Hydrogen Release from Concentrated Media with Reusable Catalysts

Recipient University of Southern California (PI: Travis Williams)

Abstract High efficiency liquid hydrogen (H2) carriers are an essential link in utilizing H2-based energy storage systems, because these enable storage densities superior to the parent compressed gas. The realization of these requires robust, selective catalytic processes for hydrogenation and dehydrogenation that are simultaneously compatible with the technical demands of enterprise- scale deployment and are cost-sustainable. Catalyst development is an important part of the DOE campaign to realize efficient hydrogen storage, because highly robust and tolerant catalytic systems for hydrogen generation enable flexibility among hydrogen carriers, so that storage systems can adapt to feedstock availability and price in any given geography, economy, or time.

While growing access to renewable H2 makes it an appealing energy carrier, the challenges of it use and transportation require that we address its storage in convenient liquid based H2 carriers. Doing so requires the development of H2 transfer catalysts that must proceed beyond the laboratory/discovery scale. Our long-term goal is to qualify leading dehydrogenation catalysts developed in our laboratories as viable, commercializable systems with mixed LOHCs.

Our project is a collaboration between the Loker Hydrocarbon Research Institute at the University of Southern California and the Chemistry Division at Los Alamos National Lab. Over many years, the Loker institute has been a global leader in introducing technology to enable alternative energy carriers: for example, The Loker concept of the Methanol Economy has framed development of energy technology and policy around the globe. Recent work has resulted in leading systems for on-demand hydrogen production based on common carriers, which positions us well to begin sale-up and process development work. Work at Los Alamos in the areas of H2 storage and release from amine boranes, the hydrodeoxygenation of biomass-derived molecules, and hydrogenation/dehydrogenation has garnered LANL an international reputation in these areas, and has enabled new methods for the manipulation of H2 in chemical systems pertinent to the energy landscape. Together, we possess the requisite skills in catalysis science, reaction and process engineering, and organic chemistry to move forward in this important area. In particular, we have an excellent collective track record in the dehydrogenation and hydrogenation chemistries of a variety of substrates pertinent to the energy arena.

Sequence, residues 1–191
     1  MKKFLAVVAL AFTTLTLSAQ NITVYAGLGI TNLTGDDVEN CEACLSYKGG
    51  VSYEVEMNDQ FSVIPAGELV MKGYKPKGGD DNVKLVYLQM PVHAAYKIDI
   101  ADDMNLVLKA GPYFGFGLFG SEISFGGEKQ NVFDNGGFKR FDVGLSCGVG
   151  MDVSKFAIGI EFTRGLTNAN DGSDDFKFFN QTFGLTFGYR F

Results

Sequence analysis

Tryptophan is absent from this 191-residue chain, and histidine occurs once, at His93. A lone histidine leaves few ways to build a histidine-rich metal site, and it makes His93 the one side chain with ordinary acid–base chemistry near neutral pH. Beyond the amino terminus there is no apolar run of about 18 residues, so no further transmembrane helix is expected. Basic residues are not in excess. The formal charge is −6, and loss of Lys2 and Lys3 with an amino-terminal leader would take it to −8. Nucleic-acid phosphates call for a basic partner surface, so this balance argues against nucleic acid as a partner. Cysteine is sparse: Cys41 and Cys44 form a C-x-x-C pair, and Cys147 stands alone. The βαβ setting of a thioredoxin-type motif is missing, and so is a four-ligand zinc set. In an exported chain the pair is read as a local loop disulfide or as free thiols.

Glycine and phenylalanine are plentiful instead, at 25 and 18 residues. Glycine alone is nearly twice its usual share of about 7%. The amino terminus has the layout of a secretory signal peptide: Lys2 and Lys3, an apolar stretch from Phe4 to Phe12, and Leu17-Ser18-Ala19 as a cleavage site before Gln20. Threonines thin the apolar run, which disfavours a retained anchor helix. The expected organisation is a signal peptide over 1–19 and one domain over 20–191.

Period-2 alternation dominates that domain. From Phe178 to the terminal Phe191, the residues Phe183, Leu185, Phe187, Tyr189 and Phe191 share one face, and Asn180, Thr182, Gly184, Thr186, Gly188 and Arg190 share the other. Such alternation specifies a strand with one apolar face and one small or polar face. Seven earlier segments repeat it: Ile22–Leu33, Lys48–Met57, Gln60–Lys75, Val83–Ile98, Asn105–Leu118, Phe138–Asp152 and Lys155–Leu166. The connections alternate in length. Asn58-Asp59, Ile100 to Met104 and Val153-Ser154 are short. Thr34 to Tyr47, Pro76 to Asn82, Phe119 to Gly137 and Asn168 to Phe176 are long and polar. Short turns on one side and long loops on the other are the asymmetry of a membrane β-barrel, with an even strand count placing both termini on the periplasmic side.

In this EERE sponsorship, we will show highly efficient and robust molecular catalysts for C1- based hydrogen storage. Our work stems from our recent report of the first reusable molecular catalyst for H2 evolution from neat formic acid. This system enables the generation of a clean stream of H2/CO2 through millions of turnovers of formic acid with a medium weight content of 4 wt% H2 at the scale of several mL per pass. The proposed investment will enable studies to (1) demonstrate the scalability and device integration of this and related systems and qualify their reusability outside of the laboratory environment; (2) extend the usability of such system to Liquid Organic Hydrogen Carrier (LOHC) small molecules to blended fuels that can increase the stored H2 density of the medium beyond 4 wt%; and (3) computationally model the chemical steps of dehydrogenation catalysis with our lead, scale-applicable systems to validate and guide new LOHC experiments.

At the conclusion of the project we will have a working prototype for H2 generation based on a formic acid carrier that is free of carbonate base. We will demonstrate its compliance with DOE targets for H2 production rate and purity, and we will prepare integration plans and specifications to bring our system into the DOE HyMARC program.